Idlib

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Idlib
إدلب
Typical olive field in one of the valleys surrounding Idlib.
Typical olive field in one of the valleys surrounding Idlib.
Idlib is located in Syria
Idlib
Idlib
Location of Idlib within Syria
Coordinates: 35°56′N 36°38′E / 35.933°N 36.633°E / 35.933; 36.633
Country  Syria
Governorate Idlib Governorate
District Idlib District
Occupation Tahrir al-Sham
Government
 • Governor Atef Ghanem al-Naddaf
Elevation 500 m (1,600 ft)
Population (2010 census[1])
 • Total 165,000
Area code(s) 23
Climate Csa
Website eIdleb

Idlib (Arabic: إدلب‎‎, also spelled Edlib or Idleb) is a city in northwestern Syria, capital of the Idlib Governorate, 59 kilometers (37 mi) southwest of Aleppo. It has an elevation of nearly 500 meters (1,600 ft) above sea level. In the 2004 census by the Central Bureau of Statistics, Idlib had a population of 98,791 and in 2010 the population was around 165,000. The inhabitants are overwhelmingly Sunni Muslims,[2] although there is a significant Christian minority. Idlib is divided into six main districts: Ashrafiyeh (the most populous), Hittin, Hejaz, Downtown, Hurriya, and al-Qusur.

A major agricultural center of Syria, the Idlib area is also historically significant, containing many "dead cities" and man-made tells. Idlib contains the ancient city of Ebla, once the capital of a powerful kingdom.[3] The ancient kingdoms of Nuhašše and Luhuti flourished in the Governorate during the Bronze and Iron ages.[4]

History

The Ebla tablets (2350 BC) mention the city of 𒁺𒄷𒆷𒇥𒌝 du-ḫu-la-bu6-um "Duhulabum" which is most probably located at Idlib as suggested by Michael Astour and Douglas Frayne; a similarity exists between the sounds of the ancient and modern names. In the tablets Duhulabuum is located 22 km south of "Unqi" which the modern village of Kaukanya; a village located 22 km northeast of Idlib. Thutmose III also mentioned the city with the name
y
t
H b
ytḥb.[5]

Ottoman era

During Ottoman rule in Syria, between the 16th and 19th centuries, Idlib served as the capital of a kada ("subdistrict capital") bearing its name, part of the larger Vilayet of Aleppo ("Province of Aleppo.")[6] The city was a center of olive production, which in turn gave way to a prosperous olive-based soap industry. Although the major markets for Idlib's soap were at Aleppo, Antioch, and Hama,[7] the product was exported as far as the Ottoman capital of Istanbul. Idlib was also a major producer of cotton fabrics.[8] Western traveler Josias Leslie Porter noted that Idlib was "encompassed in olive groves, rare in this bleak region."[7] He further remarked that its olives groves were larger than those of Damascus, Beirut, and Gaza. In the mid-19th-century, the town had an estimated population of 8,000, including 500 Christians.[7] In the late 19th century, Idlib was "flourishing" and contained a number of Christian families, according to German orientalist Albert Socin.[6]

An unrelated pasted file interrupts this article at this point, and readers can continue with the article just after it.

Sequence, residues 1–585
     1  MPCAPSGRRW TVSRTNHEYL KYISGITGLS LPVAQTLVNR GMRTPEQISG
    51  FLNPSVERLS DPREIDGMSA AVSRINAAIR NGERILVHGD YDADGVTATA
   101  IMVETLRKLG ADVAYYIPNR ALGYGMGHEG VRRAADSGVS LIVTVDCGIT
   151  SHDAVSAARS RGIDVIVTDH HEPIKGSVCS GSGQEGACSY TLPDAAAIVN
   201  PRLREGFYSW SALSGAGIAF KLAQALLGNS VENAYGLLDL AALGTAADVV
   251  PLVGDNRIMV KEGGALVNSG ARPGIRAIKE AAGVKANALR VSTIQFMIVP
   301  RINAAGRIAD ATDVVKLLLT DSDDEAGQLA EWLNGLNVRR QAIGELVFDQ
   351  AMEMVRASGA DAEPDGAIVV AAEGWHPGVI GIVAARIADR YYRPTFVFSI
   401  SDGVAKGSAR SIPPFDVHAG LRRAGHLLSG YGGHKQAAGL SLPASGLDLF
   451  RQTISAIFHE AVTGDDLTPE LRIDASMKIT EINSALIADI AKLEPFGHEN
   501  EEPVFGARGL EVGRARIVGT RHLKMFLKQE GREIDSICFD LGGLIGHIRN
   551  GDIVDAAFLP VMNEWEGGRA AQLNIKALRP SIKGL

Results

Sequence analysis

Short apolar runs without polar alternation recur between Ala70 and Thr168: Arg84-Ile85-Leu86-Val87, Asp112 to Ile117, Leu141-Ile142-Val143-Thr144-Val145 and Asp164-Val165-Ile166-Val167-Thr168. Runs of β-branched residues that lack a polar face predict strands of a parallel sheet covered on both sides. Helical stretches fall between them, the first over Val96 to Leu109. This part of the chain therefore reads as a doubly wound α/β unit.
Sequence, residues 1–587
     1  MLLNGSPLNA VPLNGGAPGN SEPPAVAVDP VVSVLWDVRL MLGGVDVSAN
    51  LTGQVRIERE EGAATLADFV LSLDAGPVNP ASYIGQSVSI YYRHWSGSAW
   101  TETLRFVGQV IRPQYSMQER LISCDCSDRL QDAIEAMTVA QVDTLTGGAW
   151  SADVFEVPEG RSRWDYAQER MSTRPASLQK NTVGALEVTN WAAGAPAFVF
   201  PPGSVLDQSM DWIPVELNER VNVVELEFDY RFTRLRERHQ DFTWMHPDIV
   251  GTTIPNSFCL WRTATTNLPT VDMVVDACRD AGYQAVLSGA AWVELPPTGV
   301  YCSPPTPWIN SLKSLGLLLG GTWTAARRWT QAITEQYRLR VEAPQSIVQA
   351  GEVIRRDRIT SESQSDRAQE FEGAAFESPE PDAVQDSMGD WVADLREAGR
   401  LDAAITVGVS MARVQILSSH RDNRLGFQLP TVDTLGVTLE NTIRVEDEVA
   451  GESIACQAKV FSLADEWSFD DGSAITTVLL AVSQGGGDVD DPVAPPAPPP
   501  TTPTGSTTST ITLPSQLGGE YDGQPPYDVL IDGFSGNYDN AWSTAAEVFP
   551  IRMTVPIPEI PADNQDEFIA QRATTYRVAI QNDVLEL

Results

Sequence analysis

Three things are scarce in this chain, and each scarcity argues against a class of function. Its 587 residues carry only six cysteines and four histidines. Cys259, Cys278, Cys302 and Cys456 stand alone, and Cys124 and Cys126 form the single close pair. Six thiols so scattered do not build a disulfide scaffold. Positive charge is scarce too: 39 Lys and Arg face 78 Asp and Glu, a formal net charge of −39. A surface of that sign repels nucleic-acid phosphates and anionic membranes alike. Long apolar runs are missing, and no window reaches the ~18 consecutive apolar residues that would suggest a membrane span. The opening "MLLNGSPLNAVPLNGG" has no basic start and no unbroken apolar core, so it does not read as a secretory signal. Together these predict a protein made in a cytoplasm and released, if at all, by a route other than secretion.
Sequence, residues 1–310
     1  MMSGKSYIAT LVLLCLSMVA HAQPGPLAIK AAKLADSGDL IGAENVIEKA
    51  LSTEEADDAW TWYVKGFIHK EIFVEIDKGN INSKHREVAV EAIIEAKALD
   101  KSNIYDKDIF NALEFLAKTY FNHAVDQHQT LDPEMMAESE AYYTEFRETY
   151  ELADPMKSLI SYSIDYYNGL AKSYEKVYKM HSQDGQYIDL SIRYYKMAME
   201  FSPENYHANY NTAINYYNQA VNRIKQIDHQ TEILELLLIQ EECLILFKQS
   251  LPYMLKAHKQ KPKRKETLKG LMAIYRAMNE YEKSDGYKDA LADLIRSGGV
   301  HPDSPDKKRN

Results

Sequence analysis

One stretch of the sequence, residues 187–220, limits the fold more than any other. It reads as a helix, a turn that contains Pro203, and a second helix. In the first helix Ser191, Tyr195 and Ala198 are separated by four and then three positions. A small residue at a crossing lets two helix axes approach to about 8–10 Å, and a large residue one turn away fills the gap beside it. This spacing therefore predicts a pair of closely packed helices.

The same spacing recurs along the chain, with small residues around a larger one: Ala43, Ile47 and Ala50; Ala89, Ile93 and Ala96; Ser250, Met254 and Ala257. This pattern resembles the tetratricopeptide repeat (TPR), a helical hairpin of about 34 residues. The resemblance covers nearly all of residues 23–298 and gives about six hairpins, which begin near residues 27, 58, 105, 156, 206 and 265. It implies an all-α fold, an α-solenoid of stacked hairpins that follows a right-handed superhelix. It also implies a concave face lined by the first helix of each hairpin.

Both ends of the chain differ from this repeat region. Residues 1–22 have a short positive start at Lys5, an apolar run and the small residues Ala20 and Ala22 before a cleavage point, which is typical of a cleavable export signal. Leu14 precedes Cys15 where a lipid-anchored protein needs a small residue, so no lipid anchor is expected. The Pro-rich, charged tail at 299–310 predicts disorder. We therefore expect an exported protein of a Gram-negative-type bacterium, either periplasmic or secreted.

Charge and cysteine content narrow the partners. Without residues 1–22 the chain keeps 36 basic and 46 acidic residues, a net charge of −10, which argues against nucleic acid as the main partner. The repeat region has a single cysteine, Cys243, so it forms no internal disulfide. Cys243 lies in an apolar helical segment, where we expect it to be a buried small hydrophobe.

Syrian Civil War

During the uprising since 2011, Idlib was the focus of protests and fighting in the early phase of the Syrian war. As the uprising descended into armed conflict, Idlib became the focus of a rebel campaign, which temporarily captured the city and the governorate, prior to a government offensive in April 2012. After this, government forces retook the city and the rebel-controlled province after a month of fighting, prior to the attempted enforcement of the ceasefire proposed by Kofi Annan. After the 2015 Idlib offensive in March, the rebel alliance Army of Conquest, led by the al-Nusra Front and Ahrar al-Sham, succeeded in Second Battle of Idlib and captured the city, as well as besieging the Shi'a-majority towns of Al-Fu'ah and Kafriya to the north of Idlib city.[9] In April 2015, the interim seat of the Syrian opposition's Syrian Interim Government was proposed to be Idlib,[10] in Idlib Governorate. On 23 July 2017, Tahrir al-Sham, successor of the al-Nusra Front, expelled the remnants of Ahrar al-Sham from Idlib, capturing the entire city.[11]

Climate

Köppen-Geiger climate classification system classifies its climate as hot-summer Mediterranean (Csa).[12] Summers are hot and rainless, while winters are rainy and cool.

The highest record temperatures was 44 °C (111 °F) on June 16, 2012.[13]

Climate data for Idlib
Month Jan Feb Mar Apr May Jun Jul Aug Sep Oct Nov Dec Year
Record high °C (°F) 20
(68)
21
(70)
26
(79)
35
(95)
37
(99)
44
(111)
42
(108)
39
(102)
38
(100)
37
(99)
29
(84)
24
(75)
44
(111)
Average high °C (°F) 9.9
(49.8)
12.2